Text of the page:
Outlining the remarkable achievements of the experimental design group of the Academy of Fine Arts in Warsaw is a very difficult task. The reason is not the complexity of the concepts created by the group members as such, but the fact that most of their works have not survived to the present day.
Jerzy Olkiewicz wrote in 1960 in the magazine 'Projekt':
Acquainting students of artistic academies with specific tasks concerning architecture and applied arts, establishing a close link between theory and practice, familiarising with the benefits and difficulties of group work: that's how the aims of Artistic and Research Unit of the Academy of Fine Arts in Warsaw can be defined.
The Artistic and Research Unit of the Academy of Fine Arts in Warsaw 'ZAB' (in Polish: Zakłady Artystyczno-Badawcze) was created in 1954 at the Faculty of Interior Design of the Academy of Fine Arts in Warsaw. Among the members of the organisation there were professors, graduates and students of the Academy. ZAB, functioning basically on the margin of the Academy's main scope of activity, was supposed to be a 'forum for creative cooperation' of representatives of different specialisations: architecture and urbanism, painting, design, sculpture and engineering. The artists worked in teams and carried out multidisciplinary projects that had been commissioned to them. The essence of ZAB's work was combining practical, commissioned work with theoretical research.
The objective of the Unit's work is to learn discipline, exactness and respect for the technique. The aim is also to reveal the beauty and emotions of a seemingly prosaic topic and refrain from decoration – that is, to achieve an artistic effect thanks to the use of other means, related with function, structure and material. We also want to reject superficiality, glitz and showy artistic junk. And what's most important: we want to establish as close a relation with reality as possible.
The decision of founding the Artistic and Research Unit was made by the rector of the Academy of Fine Arts, Marian Wnuk. However, the most important figure of the group was the architect Jerzy Sołtan, considered one of the key figures in the history of Polish modernist architecture even today. Wojciech Włodarczyk comments on it directly in the monograph that summarises the 60 years of the functioning of the Academy of Fine Arts in Warsaw:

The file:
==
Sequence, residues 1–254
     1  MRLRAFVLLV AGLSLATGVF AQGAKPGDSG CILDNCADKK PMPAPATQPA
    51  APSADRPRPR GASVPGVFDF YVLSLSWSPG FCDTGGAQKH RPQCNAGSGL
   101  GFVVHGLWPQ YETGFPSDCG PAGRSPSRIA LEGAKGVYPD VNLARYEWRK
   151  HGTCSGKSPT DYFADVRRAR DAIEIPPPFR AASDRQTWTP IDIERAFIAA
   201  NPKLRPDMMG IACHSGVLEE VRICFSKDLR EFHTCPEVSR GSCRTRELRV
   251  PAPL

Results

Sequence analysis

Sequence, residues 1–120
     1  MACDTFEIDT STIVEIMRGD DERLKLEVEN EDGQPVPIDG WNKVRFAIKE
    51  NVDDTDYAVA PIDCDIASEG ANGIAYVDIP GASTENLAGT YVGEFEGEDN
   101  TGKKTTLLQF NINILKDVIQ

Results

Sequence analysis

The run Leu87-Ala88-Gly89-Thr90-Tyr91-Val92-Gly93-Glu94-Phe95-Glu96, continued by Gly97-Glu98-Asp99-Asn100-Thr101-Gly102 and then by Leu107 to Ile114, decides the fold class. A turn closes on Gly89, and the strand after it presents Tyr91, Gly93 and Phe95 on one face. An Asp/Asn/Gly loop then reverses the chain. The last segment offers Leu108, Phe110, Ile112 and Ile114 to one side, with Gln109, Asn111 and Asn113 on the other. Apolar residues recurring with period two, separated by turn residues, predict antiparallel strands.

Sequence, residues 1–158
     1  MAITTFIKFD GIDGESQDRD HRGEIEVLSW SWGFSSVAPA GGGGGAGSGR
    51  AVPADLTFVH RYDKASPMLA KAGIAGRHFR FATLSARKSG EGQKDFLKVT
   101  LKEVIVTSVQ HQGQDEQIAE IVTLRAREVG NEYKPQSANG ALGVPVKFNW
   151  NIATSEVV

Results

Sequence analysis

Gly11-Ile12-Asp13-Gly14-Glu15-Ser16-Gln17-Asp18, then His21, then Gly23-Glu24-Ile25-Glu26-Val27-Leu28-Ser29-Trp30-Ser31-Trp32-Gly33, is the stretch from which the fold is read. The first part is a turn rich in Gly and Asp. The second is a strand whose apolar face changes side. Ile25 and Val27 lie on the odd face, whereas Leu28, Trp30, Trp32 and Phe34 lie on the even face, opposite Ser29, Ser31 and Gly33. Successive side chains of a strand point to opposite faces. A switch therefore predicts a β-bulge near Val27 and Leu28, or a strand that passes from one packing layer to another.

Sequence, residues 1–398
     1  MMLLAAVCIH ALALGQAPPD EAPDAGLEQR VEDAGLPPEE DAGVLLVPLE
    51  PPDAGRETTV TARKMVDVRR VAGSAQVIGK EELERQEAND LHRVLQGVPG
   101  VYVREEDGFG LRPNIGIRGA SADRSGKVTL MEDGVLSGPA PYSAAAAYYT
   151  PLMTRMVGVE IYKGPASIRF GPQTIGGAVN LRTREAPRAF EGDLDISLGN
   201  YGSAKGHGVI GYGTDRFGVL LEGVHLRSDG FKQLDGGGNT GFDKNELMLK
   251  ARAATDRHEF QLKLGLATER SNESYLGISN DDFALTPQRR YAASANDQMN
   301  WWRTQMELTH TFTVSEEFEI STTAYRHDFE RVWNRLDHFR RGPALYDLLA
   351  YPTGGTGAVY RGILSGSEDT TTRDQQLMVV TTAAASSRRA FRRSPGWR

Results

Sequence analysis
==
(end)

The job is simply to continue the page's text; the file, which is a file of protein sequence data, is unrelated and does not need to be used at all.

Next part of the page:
The decision to employ the architect Jerzy Sołtan (…) that was made during the Senate on October 18th, 1948 was, together with introducing the Kapists with their specific conception of a master's workshop (…), the most important event in the Academy's history in the discussed period.
Between 1940 and 1945 Sołtan was in the oflag in Murnau. While in detention, he started corresponding with Le Corbusier. Just after escaping the camp in August 1945 he got to Paris and started collaborating with the father of modernism. The 4-year-long work with Le Corbusier influenced not only Sołtan's views or projects, but also made him famous for being the only Pole who had worked with the most important figure in architecture at that time. Thanks to this, when he came back to Poland in 1949, he could remain independent to a certain degree in spite of the ruling doctrine. Thus, founding ZAB and establishing an innovative system of work was a way to avoid the imposed stylistics and function independently of the socialist realism architecture. The Artistic and Research Unit was not a single structure: it consisted of many collaborating teams. However, the ones who played the first fiddle were Jerzy Sołtan and Zbigniew Ihnatowicz (the two architects met in the oflag in Murnau), at least in the initial – the best and the most interesting – period of ZAB's functioning.
Sołtan's team won the 1st prize in the competition for the project of the 'Warszawianka' sports complex and it served as a justification for founding the Artistic and Research Unit. This complicated concept that combined urbanism, landscape architecture, architecture and art is considered one of the best projects of that time (today the devastated area was partly developed, but there are also attempts to recreate Sołtan's team's idea in the remaining part of the complex).